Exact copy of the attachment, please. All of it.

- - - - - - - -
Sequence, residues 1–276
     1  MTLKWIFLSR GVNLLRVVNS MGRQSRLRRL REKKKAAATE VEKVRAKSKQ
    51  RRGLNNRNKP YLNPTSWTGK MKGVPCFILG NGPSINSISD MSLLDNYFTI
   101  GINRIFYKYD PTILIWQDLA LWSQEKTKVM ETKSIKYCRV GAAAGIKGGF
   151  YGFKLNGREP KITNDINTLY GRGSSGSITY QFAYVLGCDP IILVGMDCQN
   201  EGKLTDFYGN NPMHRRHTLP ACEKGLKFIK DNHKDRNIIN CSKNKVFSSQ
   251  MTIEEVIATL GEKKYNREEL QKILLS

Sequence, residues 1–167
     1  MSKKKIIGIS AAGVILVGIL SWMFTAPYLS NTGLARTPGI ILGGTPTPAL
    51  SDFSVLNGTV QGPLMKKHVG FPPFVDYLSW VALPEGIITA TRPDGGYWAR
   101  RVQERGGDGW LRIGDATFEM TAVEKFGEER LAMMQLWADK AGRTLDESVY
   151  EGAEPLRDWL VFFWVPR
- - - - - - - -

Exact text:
Sequence, residues 1–276
     1  MTLKWIFLSR GVNLLRVVNS MGRQSRLRRL REKKKAAATE VEKVRAKSKQ
    51  RRGLNNRNKP YLNPTSWTGK MKGVPCFILG NGPSINSISD MSLLDNYFTI
   101  GINRIFYKYD PTILIWQDLA LWSQEKTKVM ETKSIKYCRV GAAAGIKGGF
   151  YGFKLNGREP KITNDINTLY GRGSSGSITY QFAYVLGCDP IILVGMDCQN
   201  EGKLTDFYGN NPMHRRHTLP ACEKGLKFIK DNHKDRNIIN CSKNKVFSSQ
   251  MTIEEVIATL GEKKYNREEL QKILLS

Sequence, residues 1–167
     1  MSKKKIIGIS AAGVILVGIL SWMFTAPYLS NTGLARTPGI ILGGTPTPAL
    51  SDFSVLNGTV QGPLMKKHVG FPPFVDYLSW VALPEGIITA TRPDGGYWAR
   101  RVQERGGDGW LRIGDATFEM TAVEKFGEER LAMMQLWADK AGRTLDESVY
   151  EGAEPLRDWL VFFWVPR